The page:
This defines the property’s energy efficiency rating – the higher the rating, the eco-friendlier the property is (and the cheaper utility bills are likely to be).
This provides information such as council tax band, parking restrictions, property alterations and detail of any ongoing expenses.
Most properties listed for sale in Scotland must have a Home Report included. There are a few exceptions though, such as:
If you're selling through an estate agent, they'll put together the Home Report and distribute to potential buyers. However, if you’re selling privately, you’ll need to contract a surveyor (typically through the Royal Institution of Chartered Surveyors).
If a potential buyer requests the Home Report, this must be provided within nine days. The only exception would be if you feel they’re not serious about buying. Failure to provide a Home Report when your property is on the market can incur a fine up to £500.
The Home Report varies in price, typically being between £500 and £700 +VAT. Whilst it may seem pricey, it’s important to remember that you won’t need to pay for a survey on the property you’re buying.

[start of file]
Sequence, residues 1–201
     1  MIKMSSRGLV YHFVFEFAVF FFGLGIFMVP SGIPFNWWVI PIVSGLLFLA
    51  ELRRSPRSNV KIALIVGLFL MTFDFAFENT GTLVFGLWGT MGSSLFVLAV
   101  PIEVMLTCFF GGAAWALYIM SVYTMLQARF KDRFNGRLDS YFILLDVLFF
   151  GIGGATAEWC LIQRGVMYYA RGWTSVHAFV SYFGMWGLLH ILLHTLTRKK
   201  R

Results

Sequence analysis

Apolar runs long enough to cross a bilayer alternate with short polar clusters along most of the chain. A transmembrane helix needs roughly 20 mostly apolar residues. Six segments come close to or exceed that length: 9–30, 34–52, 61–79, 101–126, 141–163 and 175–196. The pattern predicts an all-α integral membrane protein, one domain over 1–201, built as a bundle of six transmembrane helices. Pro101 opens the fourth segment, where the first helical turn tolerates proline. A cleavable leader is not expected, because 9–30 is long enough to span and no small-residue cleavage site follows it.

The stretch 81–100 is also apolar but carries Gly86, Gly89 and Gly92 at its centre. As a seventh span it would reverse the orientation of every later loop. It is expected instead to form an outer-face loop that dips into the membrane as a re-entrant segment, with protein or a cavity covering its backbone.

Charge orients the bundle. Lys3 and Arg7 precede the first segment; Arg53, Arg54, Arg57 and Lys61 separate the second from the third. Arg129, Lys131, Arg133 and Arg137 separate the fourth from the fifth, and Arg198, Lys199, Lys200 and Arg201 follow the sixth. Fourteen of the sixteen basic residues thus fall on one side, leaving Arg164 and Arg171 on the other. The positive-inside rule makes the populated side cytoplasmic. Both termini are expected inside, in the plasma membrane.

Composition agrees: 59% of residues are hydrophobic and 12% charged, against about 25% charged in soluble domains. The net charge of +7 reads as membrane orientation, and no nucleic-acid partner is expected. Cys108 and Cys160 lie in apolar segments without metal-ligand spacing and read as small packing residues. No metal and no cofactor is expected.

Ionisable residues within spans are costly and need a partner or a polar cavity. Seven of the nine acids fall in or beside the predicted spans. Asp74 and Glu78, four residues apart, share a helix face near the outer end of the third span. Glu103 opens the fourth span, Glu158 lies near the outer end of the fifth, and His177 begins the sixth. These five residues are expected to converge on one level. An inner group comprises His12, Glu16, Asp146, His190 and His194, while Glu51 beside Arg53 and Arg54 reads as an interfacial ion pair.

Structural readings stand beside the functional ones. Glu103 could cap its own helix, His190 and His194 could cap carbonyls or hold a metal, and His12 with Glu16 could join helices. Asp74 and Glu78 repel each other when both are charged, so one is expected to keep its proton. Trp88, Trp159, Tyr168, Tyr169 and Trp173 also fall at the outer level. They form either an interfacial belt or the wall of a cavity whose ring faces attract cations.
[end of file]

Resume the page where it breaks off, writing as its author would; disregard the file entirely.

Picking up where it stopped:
The report can be no more than 12 weeks old when the property is first listed on the market. However, once listed, there is no expiry date. If the buyer requests a new survey, it is their responsibility to foot the bill.
The price you set will depend on the value of your property (a valuation will be carried out as part of your home report), the current housing market and whether you are setting an 'offers over', 'offers in the region of' or a 'fixed price'. In Scotland an 'offers over' system is most frequently used, creating a bidding war. This differs to the rest of the UK where a fixed price is normally stated. However, 'offers in the region of' and 'fixed price' are becoming increasingly common.